9 Kinds of Silence Review

The soldier is silent. This frustrates the woman who is not exactly his captor but not his keeper either; she works for the motherland, which disapproves of his silence.  If he doesn’t begin to speak, she tells him, “both of us will be shot dead. Is that what you want?”

This, on the surface, is the story in “9 Kinds of Silence,”  which is some kind of allegory about war and totalitarian/military/theocratic societies, although the audience is left to piece together uncertainly the answers to basic questions, such as who, what, when, where, and why. Far clearer, and more rewarding, is the riff promised by the title:  Though not directly enumerated, and more often implied than spelled out, we are encouraged to contemplate  silence in some of its many uses and meanings – shock, prayer, rest, resistance, accusation, disgust, repression….silence as metaphor. 

Writer and director Abhishek Majumdar, an Indian theater artist  and professor at NYU Abu Dhabi whose plays have been produced on several continents, is largely silent about who his two characters are; we don’t even learn their names. In the program they are called Mother (Hend Ayoub) and Son (Joe Joseph), but they are not related to one another; she’s the mother of a different soldier, apparently lost in the war. He’s a son presumably of a different mother waiting to welcome him home, if he makes it home, after a stint in the war.

 Mother does all the talking in the first hour of this 80-minute play.  Periodically, she answers the telephone, reassuring her superior that all is well and the soldier is beginning to speak; she also tries to prove herself a loyal bureaucrat by uttering such canned phrases as “To be our glorious selves again, our dear leader has eradicated the silence inside us.” Other times, in apparent moments of more candor with the Son, she coins new aphorisms, such as: “We, the mothers, we live the war thrice over. Once on our own, once with you, and once again becoming the memory of the war.”  She subjects the Son to the lessons from the “professional manual for  training returning soldiers to belong” – which are to reproduce nine kinds of sound, including singing and laughing (a comic moment in a play that has few of them.)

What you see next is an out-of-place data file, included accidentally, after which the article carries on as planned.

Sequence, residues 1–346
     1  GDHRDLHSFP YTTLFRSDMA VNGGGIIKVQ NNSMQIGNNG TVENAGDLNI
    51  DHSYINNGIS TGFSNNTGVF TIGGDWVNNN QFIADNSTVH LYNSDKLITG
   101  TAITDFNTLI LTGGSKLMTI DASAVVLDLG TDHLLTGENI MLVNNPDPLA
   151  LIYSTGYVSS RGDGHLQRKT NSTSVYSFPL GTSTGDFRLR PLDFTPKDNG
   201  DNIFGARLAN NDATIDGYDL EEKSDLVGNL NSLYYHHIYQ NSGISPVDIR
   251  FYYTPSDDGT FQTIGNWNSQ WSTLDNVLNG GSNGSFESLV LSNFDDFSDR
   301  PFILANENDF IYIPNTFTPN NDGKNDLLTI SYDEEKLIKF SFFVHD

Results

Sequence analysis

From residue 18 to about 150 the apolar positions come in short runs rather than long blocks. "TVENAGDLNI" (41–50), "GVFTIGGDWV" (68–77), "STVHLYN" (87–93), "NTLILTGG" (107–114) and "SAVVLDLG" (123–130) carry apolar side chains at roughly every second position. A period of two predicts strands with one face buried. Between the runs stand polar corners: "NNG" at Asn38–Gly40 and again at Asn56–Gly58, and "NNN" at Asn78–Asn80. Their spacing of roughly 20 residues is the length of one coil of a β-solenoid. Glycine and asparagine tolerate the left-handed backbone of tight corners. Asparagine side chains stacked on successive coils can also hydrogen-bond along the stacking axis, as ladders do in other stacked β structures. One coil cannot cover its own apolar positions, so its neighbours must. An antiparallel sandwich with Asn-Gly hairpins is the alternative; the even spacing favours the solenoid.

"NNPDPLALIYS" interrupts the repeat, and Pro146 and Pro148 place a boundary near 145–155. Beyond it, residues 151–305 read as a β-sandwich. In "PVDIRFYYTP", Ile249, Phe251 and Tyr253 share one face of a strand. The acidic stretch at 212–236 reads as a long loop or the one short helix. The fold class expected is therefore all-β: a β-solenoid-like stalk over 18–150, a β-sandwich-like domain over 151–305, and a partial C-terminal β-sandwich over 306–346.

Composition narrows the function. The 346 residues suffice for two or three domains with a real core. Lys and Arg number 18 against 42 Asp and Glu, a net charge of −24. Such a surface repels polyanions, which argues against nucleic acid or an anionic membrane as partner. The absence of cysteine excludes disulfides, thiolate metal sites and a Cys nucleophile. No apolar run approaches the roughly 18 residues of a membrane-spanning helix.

One could charitably interpret the two characters as universal; uncharitably as generic. Similarly, one can consider the play that they are in lyrical, or abstract, or vague.  The lack of particulars is hardly novel – it’s practically a theatrical genre — and when it works it can make a play resonate with a sense of hidden depths. In a political play, the approach can suggest the disorientation and menace inherent in a totalitarian regime. But it can also feel like lazy writing.

If I found too much of Majumdar’s writing in “9 Kinds of Silence” to be murky, he at least partly makes up for it with the precision of his directing of this Playco world premiere production. Set and costume designer Jian Jung helps establish a mood and a sense of place with the sandy-floored bunker, divided by a loose sheet hanging from the ceiling that divides the room, but also cleverly intersects with the horizontal bunker window – to form what looks like a cross, craftily illuminated by lighting designer Emma Deane. Florian Staab’s busy and expert sound design – of a fog horn, a squawking bird, barking dogs, ocean waves, the suggestion of a the rumble of war  –  perhaps offers the loudest commentary on the issue of silence.   Hend Ayoub as Mother makes what she can of her long taxing monologue, but what does it say about the power of silence that Joe Joseph is the one who mesmerizes…until he begins to speak.

9 Kinds of Silence
Playco at 122CC 2nd Floor Theater through October 7
Running time: 80 minutes, no intermission
Tickets: $10 – $100
Written and Directed by Abhishek Majumdar
Set and costume design by Jian Jung, lighting design by Emma Deane, original music and sound design by M. Florian Staab, dramaturg Jocelyn Clarke
Cast: Hend Ayoub as Mother, Joe Joseph as Son.
Photos by Cindy Trinh

Author: New York Theater

Jonathan Mandell is a 3rd generation NYC journalist, who sees shows, reads plays, writes reviews and sometimes talks with people.

Leave a Reply